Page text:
— IDA business park plan was approved by Galway County Council
— Cycle lanes only 1 metre wide when national rules call for 1.75 metre
— Planned central road barrier to push cars and trucks closer to cycle lane
Galway Cycling Campaign last week lodged an appeal to An Bord Pleanala against the IDA’s plans to redesign Parkmore Road and add an entrance to Parkmore West Business Park near Galway City.
The new junction and road redesign are being billed as a solution to chronic rush hour congestion caused by traffic exiting the business park on the outskirts of the car-dependent city. But the cycling campaign yesterday expressed safety concerns over the new design not complying with national design standards — with planned pinch points adding to the risk of a collision between motorists and cyclists.
Local media report that motorists complain that it takes “up to 90 minutes to get out of the area at peak times”, while Google Maps suggests cycling from Parkmore to the Deane Roundabout (aka the Fort Lorenzo roundabout) in the west of the city only takes around half an hour. The Galway Cycle Campaign highlights how IDA has done “very little” to improve cycling and walking access to Parkmore West and Parkmore East
The cycle campaign points out that the road redesign and expansion does not comply with the Design Manual for Urban Roads and Streets or the National Cycle Manual. It also said the existing substandard road, the large roundabout outside the business park, and a lack of road sweeping are barriers to cycling in the area.
The new junction will only allow for left in and left out movements and bollards in the centre of the road will attempt to enforce this.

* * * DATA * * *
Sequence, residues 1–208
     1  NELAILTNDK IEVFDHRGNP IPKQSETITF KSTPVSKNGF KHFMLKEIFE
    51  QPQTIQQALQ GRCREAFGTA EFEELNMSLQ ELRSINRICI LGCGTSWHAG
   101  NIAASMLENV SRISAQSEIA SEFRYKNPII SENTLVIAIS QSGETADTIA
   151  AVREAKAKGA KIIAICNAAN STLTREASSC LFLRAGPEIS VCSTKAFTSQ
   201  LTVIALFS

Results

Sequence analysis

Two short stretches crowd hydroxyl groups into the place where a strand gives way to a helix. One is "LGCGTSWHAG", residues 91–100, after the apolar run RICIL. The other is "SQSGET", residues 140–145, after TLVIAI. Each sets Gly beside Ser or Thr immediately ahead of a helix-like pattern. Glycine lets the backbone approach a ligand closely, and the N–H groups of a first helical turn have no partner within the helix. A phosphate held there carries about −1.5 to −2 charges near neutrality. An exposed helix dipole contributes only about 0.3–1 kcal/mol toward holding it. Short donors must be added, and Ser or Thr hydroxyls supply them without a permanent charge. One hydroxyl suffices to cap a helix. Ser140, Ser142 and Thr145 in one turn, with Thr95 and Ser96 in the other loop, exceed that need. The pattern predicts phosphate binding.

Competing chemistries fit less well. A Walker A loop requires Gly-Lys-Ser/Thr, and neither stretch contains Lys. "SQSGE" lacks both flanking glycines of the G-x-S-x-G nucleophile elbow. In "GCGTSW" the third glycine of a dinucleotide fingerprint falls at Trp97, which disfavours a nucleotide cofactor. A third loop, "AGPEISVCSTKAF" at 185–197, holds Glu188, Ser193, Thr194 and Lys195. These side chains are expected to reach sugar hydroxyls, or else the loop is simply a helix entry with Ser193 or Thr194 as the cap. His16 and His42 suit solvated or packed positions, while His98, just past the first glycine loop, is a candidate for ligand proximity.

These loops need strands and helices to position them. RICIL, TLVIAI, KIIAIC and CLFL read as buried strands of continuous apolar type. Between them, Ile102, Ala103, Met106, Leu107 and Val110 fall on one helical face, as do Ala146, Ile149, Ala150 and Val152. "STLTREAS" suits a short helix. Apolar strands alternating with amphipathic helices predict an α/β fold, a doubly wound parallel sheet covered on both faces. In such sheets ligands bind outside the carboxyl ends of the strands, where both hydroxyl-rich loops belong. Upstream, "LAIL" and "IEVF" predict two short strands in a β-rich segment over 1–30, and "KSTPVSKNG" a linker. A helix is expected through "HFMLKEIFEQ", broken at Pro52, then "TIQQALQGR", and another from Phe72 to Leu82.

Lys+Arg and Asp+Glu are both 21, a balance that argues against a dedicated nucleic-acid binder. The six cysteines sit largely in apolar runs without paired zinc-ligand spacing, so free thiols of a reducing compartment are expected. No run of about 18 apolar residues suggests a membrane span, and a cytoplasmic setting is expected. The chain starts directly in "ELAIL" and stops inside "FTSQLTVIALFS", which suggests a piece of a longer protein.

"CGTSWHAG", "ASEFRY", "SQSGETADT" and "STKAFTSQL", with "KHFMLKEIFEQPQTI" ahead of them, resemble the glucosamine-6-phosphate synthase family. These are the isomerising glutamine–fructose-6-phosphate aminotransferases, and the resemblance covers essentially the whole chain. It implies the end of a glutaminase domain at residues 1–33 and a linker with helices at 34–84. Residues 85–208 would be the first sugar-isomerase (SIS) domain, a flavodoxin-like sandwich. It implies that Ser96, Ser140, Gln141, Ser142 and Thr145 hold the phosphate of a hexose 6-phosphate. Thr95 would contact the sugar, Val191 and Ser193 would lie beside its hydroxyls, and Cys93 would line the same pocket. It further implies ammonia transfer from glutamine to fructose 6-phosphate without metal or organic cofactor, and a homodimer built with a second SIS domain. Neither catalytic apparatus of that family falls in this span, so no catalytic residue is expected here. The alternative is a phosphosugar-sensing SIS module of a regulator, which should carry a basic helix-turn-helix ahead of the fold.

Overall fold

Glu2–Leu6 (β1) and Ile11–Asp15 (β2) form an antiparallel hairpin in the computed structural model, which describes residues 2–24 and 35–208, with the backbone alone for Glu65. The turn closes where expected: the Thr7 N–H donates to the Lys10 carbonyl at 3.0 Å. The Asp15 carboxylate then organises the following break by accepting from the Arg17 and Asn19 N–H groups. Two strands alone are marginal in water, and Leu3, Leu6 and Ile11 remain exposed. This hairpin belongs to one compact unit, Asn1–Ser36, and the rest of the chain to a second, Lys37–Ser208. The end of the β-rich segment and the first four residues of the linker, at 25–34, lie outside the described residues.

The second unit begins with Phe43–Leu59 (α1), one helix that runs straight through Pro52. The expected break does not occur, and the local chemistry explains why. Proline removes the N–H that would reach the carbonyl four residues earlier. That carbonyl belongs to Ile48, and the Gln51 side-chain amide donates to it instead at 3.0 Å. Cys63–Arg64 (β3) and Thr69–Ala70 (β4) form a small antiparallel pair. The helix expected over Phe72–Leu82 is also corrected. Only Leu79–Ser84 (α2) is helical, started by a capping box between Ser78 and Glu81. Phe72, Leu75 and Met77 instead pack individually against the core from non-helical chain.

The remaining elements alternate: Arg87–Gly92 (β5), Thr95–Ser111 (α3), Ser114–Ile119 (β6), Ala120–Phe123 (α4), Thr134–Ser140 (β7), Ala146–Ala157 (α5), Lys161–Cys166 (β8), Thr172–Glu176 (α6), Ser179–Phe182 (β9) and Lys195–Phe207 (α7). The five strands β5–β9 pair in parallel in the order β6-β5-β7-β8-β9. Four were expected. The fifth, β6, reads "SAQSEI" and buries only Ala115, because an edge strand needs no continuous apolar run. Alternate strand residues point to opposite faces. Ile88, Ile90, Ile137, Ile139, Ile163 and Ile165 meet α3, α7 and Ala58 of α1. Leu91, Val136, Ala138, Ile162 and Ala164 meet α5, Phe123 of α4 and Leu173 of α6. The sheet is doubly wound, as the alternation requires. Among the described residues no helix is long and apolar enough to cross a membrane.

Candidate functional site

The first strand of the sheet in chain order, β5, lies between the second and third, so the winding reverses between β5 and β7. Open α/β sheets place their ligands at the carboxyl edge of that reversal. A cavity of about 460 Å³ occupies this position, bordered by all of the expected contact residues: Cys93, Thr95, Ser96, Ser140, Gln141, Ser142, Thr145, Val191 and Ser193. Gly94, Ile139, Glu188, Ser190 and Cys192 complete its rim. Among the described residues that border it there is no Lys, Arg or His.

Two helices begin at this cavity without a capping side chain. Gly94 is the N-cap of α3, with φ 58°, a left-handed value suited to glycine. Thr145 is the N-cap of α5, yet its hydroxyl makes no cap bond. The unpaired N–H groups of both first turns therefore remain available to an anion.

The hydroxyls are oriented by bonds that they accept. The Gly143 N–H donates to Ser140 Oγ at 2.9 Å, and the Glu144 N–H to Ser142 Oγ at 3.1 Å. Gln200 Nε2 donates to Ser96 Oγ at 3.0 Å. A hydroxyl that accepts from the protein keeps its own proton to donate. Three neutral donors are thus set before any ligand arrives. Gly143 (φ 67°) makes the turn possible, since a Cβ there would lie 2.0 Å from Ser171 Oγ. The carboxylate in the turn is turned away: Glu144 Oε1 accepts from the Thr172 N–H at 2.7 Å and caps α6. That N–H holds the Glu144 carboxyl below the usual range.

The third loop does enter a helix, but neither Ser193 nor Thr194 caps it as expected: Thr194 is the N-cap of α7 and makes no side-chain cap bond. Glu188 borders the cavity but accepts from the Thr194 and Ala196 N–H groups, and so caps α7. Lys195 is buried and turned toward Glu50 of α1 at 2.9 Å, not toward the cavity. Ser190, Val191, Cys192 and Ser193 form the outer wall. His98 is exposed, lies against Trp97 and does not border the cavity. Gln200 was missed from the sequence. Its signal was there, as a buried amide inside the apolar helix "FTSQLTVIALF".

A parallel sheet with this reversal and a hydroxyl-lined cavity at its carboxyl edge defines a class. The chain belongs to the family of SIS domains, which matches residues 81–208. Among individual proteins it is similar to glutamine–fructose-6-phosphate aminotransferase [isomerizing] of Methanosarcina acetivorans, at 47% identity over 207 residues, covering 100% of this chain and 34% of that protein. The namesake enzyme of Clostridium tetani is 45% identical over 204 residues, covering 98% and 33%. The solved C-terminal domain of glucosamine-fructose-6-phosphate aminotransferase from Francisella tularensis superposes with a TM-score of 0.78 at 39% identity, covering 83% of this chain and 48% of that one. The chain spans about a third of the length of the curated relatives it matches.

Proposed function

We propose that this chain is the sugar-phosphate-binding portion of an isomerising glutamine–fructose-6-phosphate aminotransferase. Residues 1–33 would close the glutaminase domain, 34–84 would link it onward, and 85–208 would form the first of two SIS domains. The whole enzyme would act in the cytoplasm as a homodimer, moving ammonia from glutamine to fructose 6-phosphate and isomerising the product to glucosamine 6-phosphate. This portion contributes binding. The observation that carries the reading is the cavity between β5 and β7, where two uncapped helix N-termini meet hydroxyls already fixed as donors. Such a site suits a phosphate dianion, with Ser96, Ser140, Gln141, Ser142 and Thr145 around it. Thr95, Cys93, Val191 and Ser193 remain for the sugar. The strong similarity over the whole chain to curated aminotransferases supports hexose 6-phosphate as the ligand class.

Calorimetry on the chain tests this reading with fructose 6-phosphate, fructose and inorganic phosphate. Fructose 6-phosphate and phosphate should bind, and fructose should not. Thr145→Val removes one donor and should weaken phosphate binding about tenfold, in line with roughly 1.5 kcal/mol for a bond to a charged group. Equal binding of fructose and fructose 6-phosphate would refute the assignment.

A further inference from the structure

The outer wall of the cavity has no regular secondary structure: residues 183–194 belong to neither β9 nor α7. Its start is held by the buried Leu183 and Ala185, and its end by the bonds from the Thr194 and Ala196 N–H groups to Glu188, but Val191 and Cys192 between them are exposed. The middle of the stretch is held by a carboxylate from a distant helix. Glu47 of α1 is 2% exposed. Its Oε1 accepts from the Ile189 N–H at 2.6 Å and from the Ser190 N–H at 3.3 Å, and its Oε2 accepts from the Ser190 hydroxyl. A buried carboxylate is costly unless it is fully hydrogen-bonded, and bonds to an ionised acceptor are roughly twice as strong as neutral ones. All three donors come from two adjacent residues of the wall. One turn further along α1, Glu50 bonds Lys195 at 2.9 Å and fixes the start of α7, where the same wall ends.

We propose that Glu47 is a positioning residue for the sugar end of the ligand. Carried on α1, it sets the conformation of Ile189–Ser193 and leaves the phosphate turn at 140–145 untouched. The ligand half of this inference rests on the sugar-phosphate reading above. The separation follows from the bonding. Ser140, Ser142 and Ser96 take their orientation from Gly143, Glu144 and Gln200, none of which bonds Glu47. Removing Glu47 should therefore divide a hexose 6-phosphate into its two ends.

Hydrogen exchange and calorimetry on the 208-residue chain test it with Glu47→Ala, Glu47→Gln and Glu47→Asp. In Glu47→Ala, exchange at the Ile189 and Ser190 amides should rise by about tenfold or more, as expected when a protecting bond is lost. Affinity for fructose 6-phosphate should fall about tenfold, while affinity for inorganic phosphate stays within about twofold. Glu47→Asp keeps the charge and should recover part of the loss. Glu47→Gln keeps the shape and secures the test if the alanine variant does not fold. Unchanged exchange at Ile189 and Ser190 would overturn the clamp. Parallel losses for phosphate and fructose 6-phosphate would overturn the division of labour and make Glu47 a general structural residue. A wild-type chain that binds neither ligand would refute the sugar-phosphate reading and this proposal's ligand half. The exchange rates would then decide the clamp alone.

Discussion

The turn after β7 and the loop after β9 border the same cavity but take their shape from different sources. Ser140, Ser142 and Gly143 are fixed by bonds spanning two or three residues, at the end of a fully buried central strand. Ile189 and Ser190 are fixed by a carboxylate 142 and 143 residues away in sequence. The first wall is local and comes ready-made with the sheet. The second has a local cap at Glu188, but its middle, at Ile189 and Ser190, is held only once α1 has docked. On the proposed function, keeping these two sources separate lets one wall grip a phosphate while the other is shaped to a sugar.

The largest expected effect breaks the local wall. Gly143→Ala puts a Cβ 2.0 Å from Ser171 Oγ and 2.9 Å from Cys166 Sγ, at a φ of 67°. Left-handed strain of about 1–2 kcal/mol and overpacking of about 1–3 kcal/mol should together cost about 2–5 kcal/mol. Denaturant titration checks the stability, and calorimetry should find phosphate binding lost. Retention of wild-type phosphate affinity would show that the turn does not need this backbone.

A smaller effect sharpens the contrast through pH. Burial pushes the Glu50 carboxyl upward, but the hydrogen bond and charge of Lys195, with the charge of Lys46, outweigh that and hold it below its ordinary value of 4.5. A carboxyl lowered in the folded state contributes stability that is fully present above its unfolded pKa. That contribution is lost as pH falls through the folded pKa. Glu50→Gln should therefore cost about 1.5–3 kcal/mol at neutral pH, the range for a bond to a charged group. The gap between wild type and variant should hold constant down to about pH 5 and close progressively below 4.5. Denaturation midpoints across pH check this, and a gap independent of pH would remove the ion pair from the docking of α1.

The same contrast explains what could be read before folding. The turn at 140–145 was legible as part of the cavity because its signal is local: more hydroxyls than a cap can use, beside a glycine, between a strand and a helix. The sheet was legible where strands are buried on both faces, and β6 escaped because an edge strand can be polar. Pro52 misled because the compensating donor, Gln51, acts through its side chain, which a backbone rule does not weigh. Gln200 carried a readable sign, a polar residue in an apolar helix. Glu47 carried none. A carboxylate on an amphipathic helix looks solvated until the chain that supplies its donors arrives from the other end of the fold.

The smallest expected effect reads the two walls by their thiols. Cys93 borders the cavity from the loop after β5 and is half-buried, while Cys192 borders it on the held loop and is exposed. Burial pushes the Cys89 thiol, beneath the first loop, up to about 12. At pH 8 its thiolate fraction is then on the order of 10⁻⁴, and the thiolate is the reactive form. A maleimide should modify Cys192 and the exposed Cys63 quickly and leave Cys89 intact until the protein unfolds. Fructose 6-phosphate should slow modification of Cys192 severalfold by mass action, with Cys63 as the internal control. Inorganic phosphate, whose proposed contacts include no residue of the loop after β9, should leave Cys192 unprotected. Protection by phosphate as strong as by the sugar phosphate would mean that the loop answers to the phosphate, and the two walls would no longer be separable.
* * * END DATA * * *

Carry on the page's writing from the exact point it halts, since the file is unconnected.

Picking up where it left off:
The cycling campaign said that the planned “wide sweeping curvature” of the junction will encourage motorists to travel fast when entering and exiting Parkmore West. On this it points to the Design Manual for Urban Roads, which advises: “Reducing corner radii will significantly improve pedestrian and cyclist safety at junctions by lowering the speed at which vehicles can turn corners.” The proposed curvature of 12 meters, the campaign said, “significantly exceeds” the recommendations of the design manual.
The campaign said it is also concerned about planned concrete islands in the design which will “create pinch points for cyclists”. It added: “The proposed narrow cycle lanes of only 1 meter in width will push cars closer to cyclists using the same road space. Hard shoulders or cycle lanes should be at least 2 meters wide.”
The cycle lanes planned to not meet the standards in the National Cycle Manual calls for a minimum width of 1.75 metre cycle lanes in the given context and it does not even follow older guidelines, which used to call for 1.5 metre lanes.
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Oisin O’Nidh, Campaign PRO, said: “The plans will have to revised anyway as the measurements for the road widths do not add up correctly. We have pointed this out to An Bord Pleanála.”
Another problem for the existing cycle lanes on Parkmore Road is that they are rarely maintained. Cycle lanes are rarely swept and result in the gathering of debris, such as gravel and dirt.
“We have put together a proposal for an alternative route via the Racecourse which would provide a more direct and safe connection for cyclists and pedestrians accessing Parkmore,” said Shane Foran, Galway Cycling Campaign spokesman. These proposals would use existing internal roads within the Racecourse lands and would allow people cycle or walk to avoid the busy national roads like the N17 and N6.
The Galway County Council planning file claims that “the proposed link road and junction with the L-7101 has been designed in accordance with DMURS and TD40/41
MORE: All the planning files, including the full drawings and details, and the appeals by the Galway Cycling Campaign and a third party, can be viewed at http://gccapps.galwaycoco.ie/gis/cocomaps/ by searching for the refrence 16170.